22 comments on “Yes, You Can Let Vines Climb Trees!

  1. After posting my comment here about cutting off climbing ivy, I came across this article that gives us a different opinion about these plants:

    It’s a more scholarly article with almost 200 references and it paints a complicated picture, depending on your state and whether the environment is wild forest or backyard. So maybe I don’t feel as bad for attacking those plants now.

    • Mathieu Hodgson

      Hi Sam! I certainly wouldn’t feel bad about it considering English Ivy is considered invasive in many areas. As you say, dealing with exotic plants is complicated and should be considered in one’s local context.

  2. I just spent the last few days cutting climbing ivy from about a half dozen mature trees in my back yard. The vine is a ground cover that over the last 20 years climbed up these trees. There are many vines on each tree and some are a couple inches in diameter near the base.

    I cut the vines a couple feet off the ground and pulled them off below the cut, uprooting them about one or two feet from the tree. All the vines now still clinging to the trees will surely die, and I’m not sure how that will look in years to come.

    But I’m sorry I didn’t read this article before doing all that. It wasn’t easy. The vines never encroached into the crowns of the trees, staying close to the central trunk, and come to think about it, give a lush, green fairy-land touch to the back yard. O well, I guess it’s best to get different opinions before deciding to do something like this. Who am I? Just a home owner without much understanding of our natural world.

    I think the thing that motivated me is that I’m under the impression that all exotic wild plants should be removed. I got that from a local naturalist. I believe all these climbing ivies are exotic, or not natural to our environment. Maybe in some cases that’s not the best way to go, particularly because they are probably here to stay. That means they are becoming naturalized, like people.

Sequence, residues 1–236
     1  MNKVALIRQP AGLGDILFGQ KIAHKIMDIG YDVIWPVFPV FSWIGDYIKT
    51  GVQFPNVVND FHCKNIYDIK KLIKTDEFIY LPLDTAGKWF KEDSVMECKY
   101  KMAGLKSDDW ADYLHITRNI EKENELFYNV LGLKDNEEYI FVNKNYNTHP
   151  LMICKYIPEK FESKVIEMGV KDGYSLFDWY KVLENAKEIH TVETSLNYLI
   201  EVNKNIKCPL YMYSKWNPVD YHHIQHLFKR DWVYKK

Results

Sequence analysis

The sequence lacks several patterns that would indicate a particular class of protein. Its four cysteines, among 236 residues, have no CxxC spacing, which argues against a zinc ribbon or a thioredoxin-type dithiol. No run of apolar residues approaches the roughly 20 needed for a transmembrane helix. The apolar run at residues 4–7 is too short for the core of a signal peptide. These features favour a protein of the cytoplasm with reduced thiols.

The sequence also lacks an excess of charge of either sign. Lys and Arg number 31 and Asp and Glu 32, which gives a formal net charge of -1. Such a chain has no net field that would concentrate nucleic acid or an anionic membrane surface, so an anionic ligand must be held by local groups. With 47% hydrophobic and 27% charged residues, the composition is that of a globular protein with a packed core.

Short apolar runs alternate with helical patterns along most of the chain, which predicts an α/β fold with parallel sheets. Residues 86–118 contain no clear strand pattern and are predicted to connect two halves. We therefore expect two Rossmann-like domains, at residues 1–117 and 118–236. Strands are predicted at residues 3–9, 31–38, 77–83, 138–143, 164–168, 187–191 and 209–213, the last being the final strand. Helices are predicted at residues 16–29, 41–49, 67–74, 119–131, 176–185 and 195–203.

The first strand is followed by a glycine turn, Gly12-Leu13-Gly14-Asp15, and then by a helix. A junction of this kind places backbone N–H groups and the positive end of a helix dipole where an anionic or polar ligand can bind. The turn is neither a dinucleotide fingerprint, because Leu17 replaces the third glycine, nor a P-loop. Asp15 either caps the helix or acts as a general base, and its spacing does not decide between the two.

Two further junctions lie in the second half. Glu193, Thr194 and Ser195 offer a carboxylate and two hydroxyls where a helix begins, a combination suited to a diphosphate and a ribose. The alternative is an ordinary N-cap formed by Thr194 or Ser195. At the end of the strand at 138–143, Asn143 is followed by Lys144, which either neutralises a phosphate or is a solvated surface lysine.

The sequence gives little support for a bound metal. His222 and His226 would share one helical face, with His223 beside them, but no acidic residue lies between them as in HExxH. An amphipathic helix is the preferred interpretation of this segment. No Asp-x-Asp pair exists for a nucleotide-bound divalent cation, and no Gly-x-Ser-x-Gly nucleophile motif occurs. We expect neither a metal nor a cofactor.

3. Allyson O.

    Great article, thank you! I have an Italian cypress that is bare on one side (had to remove its neighbor that was damaged in a storm.) I’d like to plant a climber to cover up some of that bare area. I am zone 9, and the ground is shaded while the bare area of the cypress is not. What do you suggest? I am thinking climbing hydrangea or bower vine.

  4. A very good article. Congratulations

  5. Thank you for sharing this valuable information. Your articles are always very informative.

  6. Bethany Holick

    I had a dead tree in my yard. The trunk still stands and instead of removing it, I thought of letting vines take it over. I live in South Tx.
    What do you think of this idea? Also, what vines would you recommend for my area?

  7. Anne Bartz

    Would you recommend a Parthenocissus (Virgina Creeper) on a mature Jacaranda tree
    I am in the south west of Western Australia

  8. A blue spruce tree was planted directly in front of my house by the previous owner approx 60 years ago. The top of the tree is over the house and splitting. The ivy on the bottom part of the tree has been creeping up for years. I was thinking of cutting the top of the tree and leave a huge portion that has the ivy alone. I was told by a few arborists this cannot be done because the bottom part will rot and fall – the entire tree must come down and I cannot plant anything for a year. I have been told by other tree people (non-arborists) that it can be done. I don’t like the idea of taking the whole tree down and sitting with a pile of dirt directly in front of my house. Do you have any suggestions or recommendations. Many thanks – I just found your site today.